“Doctor Strange” Conjures Impressive Opening


November 4-6, 2016

(estimates from BoxOfficeMojo.com)



Doctor Strange $84.9 million
Trolls $45.6 million
Hacksaw Ridge  $14.7 million
Boo! A Madea Halloween  $7.8 million
Inferno $6.2 million


Doctor Strange bent space and time to deliver an impressive $85 million debut. That's the best character intro in the Marvel Cinematic Universe since Iron Man kicked everything off eight years ago. November has been big for franchise sequels, though this is the best character debut of any franchise in this month since Harry Potter started back in 2001. It's also more proof that no matter what character Marvel trots out, audiences will turn out in droves.

Even though no one has bought a troll doll in decades, kids and their parents turned out for Trolls, which got surprisingly good reviews. The animated musical debuted right around where The Peanuts Movie did last year. So expect a final return of more than $125 million, with it petering out around Thanksgiving. But you'll probably have Justin Timberlake's "Can't Stop the Feeling" stuck in your head for much longer.

Way back in third place, Hacksaw Ridge took in around $14.7 million. That's not huge for a big, expensive war movie, but pretty good considering the competition. That's also a little below what Apocalypto debuted with a decade ago, though I'd be shocked if this one even comes close to $50 million. Boo! and Inferno rounded out the top five.


Outside the top 5:

  • This Weekend's Indie Champ: Loving, the drama about the fierce, determined couple whose romance led to the Supreme Court decision that made interracial marriage legal throughout the U.S. Playing on only four screens, the acclaimed drama averaged $42,250 on each one.
  • Moonlight continued its tremendous run. Expanding to 83 screens, the fantastic coming-of-age drama made $1.3 million in its third week, which is more than Keeping Up with the Joneses did. That film's playing on nearly a thousand more screens and has been out the same amount of time.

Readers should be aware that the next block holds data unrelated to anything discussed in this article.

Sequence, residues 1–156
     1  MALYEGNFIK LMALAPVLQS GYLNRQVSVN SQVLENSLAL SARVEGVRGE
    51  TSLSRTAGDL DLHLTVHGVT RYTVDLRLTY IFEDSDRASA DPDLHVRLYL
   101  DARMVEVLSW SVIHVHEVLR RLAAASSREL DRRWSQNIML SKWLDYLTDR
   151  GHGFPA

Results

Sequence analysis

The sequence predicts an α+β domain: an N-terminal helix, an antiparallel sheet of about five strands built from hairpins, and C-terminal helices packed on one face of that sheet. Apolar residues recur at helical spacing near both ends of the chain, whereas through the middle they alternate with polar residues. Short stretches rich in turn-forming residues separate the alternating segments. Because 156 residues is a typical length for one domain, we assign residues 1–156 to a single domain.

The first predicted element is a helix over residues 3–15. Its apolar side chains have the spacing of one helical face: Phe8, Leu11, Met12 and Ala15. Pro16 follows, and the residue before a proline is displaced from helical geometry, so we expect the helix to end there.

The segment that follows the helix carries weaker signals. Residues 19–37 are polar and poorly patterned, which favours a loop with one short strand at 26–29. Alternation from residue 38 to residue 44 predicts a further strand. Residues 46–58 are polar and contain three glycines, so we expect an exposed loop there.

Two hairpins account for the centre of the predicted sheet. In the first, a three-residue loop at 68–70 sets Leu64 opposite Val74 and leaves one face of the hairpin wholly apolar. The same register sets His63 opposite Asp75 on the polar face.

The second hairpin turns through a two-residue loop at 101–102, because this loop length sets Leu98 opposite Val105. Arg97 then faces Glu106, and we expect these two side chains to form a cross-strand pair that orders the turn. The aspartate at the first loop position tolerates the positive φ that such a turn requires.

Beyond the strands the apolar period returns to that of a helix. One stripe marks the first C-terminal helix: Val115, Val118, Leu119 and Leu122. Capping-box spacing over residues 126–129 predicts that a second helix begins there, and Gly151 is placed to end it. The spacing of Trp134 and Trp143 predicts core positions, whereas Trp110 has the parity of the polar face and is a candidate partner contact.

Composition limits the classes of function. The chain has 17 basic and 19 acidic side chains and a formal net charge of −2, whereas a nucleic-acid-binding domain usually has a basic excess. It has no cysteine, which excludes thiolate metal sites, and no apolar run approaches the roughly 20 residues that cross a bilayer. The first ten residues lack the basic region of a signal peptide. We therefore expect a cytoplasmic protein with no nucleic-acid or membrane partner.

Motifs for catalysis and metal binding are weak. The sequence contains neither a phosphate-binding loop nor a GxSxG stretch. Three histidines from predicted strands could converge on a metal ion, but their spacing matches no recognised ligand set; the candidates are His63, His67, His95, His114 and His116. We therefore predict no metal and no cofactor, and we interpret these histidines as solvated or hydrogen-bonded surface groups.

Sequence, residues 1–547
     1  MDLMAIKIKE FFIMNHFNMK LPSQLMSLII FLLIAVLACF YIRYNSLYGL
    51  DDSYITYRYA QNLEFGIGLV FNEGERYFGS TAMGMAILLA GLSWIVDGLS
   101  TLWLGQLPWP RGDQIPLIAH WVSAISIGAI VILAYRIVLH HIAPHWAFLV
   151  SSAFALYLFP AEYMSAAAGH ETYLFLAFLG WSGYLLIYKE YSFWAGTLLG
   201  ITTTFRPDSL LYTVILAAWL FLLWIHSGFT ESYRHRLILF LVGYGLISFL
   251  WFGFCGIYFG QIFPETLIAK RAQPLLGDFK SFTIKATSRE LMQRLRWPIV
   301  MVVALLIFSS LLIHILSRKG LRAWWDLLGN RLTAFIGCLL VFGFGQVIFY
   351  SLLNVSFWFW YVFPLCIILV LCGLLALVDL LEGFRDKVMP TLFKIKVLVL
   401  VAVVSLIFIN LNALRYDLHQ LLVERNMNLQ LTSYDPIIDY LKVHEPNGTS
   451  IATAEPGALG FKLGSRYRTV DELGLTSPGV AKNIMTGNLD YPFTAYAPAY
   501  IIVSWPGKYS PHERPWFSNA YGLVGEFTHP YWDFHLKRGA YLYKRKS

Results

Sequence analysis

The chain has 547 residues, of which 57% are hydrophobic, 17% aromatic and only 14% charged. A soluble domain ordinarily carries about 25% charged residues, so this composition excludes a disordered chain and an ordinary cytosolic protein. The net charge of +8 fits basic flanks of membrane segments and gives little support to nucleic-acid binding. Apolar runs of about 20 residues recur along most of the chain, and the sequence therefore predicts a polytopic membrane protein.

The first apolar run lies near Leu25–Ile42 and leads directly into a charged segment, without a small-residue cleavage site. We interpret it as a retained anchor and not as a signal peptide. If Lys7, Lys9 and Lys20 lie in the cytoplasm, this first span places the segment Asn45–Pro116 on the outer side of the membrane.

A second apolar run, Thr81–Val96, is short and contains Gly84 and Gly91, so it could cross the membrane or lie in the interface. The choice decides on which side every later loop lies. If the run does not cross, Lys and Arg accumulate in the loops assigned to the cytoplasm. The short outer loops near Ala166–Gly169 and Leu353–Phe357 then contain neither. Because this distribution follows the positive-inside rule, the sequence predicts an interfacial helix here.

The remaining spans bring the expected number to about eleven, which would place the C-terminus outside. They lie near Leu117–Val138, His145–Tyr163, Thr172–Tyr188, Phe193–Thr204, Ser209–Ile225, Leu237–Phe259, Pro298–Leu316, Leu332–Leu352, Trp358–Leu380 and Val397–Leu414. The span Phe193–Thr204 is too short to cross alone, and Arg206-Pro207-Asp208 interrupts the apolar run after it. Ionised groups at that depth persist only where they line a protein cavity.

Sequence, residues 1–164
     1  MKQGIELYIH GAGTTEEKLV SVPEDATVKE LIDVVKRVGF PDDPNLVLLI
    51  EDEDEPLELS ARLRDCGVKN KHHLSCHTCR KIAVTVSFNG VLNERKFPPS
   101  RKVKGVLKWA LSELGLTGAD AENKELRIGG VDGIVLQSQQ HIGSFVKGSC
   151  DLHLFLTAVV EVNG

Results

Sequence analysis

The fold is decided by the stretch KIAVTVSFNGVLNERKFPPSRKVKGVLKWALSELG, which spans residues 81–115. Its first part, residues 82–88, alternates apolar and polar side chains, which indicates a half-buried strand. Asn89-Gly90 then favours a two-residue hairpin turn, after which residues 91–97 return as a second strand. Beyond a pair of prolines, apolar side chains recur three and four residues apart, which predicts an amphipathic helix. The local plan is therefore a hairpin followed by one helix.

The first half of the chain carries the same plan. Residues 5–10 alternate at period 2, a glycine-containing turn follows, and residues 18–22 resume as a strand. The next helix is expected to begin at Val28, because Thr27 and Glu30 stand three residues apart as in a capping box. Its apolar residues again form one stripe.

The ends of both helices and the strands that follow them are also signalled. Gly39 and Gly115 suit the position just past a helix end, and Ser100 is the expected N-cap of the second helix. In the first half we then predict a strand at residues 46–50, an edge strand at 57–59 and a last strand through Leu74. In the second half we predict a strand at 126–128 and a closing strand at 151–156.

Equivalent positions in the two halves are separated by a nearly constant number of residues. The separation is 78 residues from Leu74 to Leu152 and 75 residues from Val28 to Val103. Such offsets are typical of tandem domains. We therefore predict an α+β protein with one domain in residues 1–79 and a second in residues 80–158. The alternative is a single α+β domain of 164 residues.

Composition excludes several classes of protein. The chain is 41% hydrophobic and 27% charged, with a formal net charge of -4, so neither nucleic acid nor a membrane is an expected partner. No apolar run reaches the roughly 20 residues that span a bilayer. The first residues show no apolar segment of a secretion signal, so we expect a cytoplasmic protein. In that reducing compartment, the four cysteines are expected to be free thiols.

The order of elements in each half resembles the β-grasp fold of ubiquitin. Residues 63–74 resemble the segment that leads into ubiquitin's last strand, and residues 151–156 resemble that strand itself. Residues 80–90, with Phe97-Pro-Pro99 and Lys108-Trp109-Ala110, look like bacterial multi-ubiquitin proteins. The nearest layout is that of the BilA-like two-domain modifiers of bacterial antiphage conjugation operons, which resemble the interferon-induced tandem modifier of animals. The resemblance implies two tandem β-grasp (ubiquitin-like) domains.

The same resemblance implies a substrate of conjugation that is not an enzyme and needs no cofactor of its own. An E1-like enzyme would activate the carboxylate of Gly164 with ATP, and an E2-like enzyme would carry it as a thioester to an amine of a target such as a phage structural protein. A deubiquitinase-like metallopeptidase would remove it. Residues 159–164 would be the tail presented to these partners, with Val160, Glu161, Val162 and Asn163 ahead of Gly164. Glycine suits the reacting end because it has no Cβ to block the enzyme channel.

• And even documentaries are debuting impressively. The Eagle Huntress, about nomadic tribes in Kazakhstan averaged $13,462 on four screens.


Next week: Arrival takes on Almost Christmas, with Shut In making a play as well. Arrival has the acclaim – including rave reviews at film festivals around the world – and the intrigue – a trailer that's given just enough information without giving away its twists. I'd say it could debut as high as $40 million, but that won't be enough to dethrone Doctor Strange. Almost Christmas could get $15 million, but Shut In will need a lot of luck to get more than $10 million.



About Kip Mooney

Kip Mooney
Like many film critics born during and after the 1980s, my hero is Roger Ebert. The man was already the best critic in the nation when he won the Pulitzer in 1975, but his indomitable spirit during and after his recent battle with cancer keeps me coming back to read not only his reviews but his insightful commentary on the everyday. But enough about a guy you know a lot about. I knew I was going to be a film critic—some would say a snob—in middle school, when I had to voraciously defend my position that The Royal Tenenbaums was only a million times better than Adam Sandler’s remake of Mr. Deeds. From then on, I would seek out Wes Anderson’s films and avoid Sandler’s like the plague. Still, I like to think of myself as a populist, and I’ll be just as likely to see the next superhero movie as the next Sundance sensation. The thing I most deplore in a movie is laziness. I’d much rather see movies with big ambitions try and fail than movies with no ambitions succeed at simply existing. I’m also a big advocate of fun-bad movies like The Room and most of Nicolas Cage’s work. In the past, I’ve written for The Dallas Morning News and the North Texas Daily, which I edited for a semester. I also contributed to Dallas-based Pegasus News, which in the circle of life, is now part of The Dallas Morning News, where I got my big break in 2007. Eventually, I’d love to write and talk about film full-time, but until that’s a viable career option, I work as an auditor for Wells Fargo. I hope to one day meet my hero, go to the Toronto International Film Festival, and compete on Jeopardy. Until then, I’m excited to share my love of film with you.

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